Judith Huemann and the 30th Anniversary of the ADA
by Pat Addabbo
OAS Executive Director
“We have a right to be equal members of society no matter where we live.”
– Judith Huemann (pictured, front row 3rd from left)
This week marked the 30th anniversary of President George H.W. Bush signing into law the Americans with Disabilities Act. This legislation was a milestone in the progress of equal rights for Disabled Americans, figuratively, and in some cases literally paving the way towards increased access, recognition and opportunity for the largest minority group in the United States, one that comprises 20% of the population.
The ADA was the culmination of decades of activism. Led by a collection of strong and empowered voices that spoke out and took action against long standing discriminatory practices. But with celebration also brings a welcomed and heightened sense of focus on the work that still remains.
On Monday, July 26th, Judith Huemann, one of the most impactful and influential members of the Disability Rights movement, and John Wodatch, a high ranking Civil Rights lawyer, published an opinion piece in the New York Times that so well encapsulates this bittersweet occasion.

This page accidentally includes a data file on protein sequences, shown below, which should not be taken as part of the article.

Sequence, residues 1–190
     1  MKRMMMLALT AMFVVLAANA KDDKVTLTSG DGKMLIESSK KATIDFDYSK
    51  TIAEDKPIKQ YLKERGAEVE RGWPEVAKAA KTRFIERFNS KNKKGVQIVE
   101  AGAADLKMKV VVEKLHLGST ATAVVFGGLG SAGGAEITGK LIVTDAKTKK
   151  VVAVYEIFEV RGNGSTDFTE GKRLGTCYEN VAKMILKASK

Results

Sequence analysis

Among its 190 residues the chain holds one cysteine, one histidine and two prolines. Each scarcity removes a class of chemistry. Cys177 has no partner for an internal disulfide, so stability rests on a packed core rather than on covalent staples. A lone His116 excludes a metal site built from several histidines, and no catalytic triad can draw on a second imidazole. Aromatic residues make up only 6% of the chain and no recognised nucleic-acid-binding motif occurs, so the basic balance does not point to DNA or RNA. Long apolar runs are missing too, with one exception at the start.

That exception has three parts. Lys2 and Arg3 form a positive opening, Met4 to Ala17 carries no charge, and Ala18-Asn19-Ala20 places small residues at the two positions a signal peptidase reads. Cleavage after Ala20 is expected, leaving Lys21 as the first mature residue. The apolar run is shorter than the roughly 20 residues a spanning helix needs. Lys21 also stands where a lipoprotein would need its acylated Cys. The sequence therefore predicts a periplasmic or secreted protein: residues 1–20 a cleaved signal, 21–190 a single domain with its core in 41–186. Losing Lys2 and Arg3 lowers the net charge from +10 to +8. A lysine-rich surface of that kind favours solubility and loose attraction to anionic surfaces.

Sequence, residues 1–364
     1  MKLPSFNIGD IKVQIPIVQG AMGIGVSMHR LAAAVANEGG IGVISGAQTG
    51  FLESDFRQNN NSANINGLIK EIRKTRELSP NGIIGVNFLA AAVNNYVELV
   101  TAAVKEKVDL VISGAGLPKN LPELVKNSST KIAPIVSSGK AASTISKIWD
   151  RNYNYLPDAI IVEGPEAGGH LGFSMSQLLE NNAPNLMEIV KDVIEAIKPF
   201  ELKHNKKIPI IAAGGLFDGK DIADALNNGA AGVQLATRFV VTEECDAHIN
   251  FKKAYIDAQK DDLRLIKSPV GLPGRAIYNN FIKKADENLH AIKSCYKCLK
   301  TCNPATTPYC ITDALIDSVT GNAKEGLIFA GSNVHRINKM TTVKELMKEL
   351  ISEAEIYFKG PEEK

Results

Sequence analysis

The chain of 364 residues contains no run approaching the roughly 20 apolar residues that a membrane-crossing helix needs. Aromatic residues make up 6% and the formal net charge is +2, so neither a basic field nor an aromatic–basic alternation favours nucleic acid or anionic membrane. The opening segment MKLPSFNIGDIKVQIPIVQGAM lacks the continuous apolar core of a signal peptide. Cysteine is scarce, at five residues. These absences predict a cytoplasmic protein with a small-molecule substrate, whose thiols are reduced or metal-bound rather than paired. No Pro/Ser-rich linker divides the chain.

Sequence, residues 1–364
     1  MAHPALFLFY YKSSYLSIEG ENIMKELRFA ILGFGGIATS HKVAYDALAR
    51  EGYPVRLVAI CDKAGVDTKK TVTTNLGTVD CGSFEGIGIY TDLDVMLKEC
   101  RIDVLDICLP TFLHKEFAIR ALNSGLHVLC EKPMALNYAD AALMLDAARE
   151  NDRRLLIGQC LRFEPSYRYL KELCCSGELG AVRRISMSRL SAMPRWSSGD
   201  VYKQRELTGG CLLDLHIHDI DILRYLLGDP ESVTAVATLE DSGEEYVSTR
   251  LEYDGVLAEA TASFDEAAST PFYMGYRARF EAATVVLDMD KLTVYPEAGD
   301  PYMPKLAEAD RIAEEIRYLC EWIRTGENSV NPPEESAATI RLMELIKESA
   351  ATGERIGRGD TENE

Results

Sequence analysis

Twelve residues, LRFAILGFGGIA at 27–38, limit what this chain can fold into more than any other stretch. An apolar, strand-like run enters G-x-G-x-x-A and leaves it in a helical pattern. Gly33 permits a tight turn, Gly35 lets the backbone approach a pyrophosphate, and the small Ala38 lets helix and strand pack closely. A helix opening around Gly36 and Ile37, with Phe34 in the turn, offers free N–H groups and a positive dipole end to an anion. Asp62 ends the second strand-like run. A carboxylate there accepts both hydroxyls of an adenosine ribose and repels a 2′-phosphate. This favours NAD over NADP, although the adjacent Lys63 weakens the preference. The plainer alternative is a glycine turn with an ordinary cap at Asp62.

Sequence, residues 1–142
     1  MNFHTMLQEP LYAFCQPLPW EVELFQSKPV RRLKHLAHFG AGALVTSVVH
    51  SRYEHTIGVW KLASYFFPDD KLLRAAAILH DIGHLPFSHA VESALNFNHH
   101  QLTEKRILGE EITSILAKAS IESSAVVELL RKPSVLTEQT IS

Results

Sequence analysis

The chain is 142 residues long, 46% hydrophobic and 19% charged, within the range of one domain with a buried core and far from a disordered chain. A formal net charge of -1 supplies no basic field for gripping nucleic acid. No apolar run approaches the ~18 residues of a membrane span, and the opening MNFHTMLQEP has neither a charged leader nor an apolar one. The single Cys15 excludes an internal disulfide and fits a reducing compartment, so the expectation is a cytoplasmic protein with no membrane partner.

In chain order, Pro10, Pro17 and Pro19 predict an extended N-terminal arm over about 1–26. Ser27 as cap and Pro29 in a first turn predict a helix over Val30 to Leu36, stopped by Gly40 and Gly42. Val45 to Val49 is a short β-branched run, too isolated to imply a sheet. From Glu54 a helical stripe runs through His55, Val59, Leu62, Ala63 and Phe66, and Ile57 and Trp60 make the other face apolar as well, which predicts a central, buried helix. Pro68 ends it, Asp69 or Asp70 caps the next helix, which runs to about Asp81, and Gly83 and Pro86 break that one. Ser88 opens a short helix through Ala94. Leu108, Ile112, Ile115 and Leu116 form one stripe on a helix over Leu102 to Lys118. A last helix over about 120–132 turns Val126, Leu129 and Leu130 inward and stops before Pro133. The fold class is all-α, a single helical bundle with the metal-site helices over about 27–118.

We strongly encourage you to read the full article here: https://www.nytimes.com/2020/07/26/opinion/Americans-with-disabilities-act.html?smid=em-share
Huemann and Wodatch explain:
“Yet just as many of the injustices that the Civil Rights Act aimed to eliminate are still very much with us, and still being resisted, the full promise of the Americans With Disabilities Act has yet to be realized. We are not yet where we need to be.”
At OAS, we recognize this same and simultaneous sense of progress and failing in our community and the greater outdoor industry. As referred to in the article, marketing (in our case specific to the outdoor industry) still vastly under-represents individuals with disabilities, usually far more so than other also marginalized populations, each of which also intersects with disability. Pick your favorite outdoor brand, venue, or destination and explore their content whether on their website, social media, or print material to view this problem for yourself (note there are some brands who have made an intentional and recent push for equal representation, efforts that we applaud).
Many OAS staff members, volunteers, and athletes participate in local and regional advocacy related committees. And while the voice and representation of the Disabled community is increasingly welcomed it is often still greatly misunderstood. The same challenges that existed 50 years ago during the fight for enforcement of section 504 of the rehabilitation act are still commonly heard today, statements like “it will cost too much” or “how many people will actually benefit?”
Much of these challenges stem from this continued lack of understanding and representation as Huemann and Wodatch explain: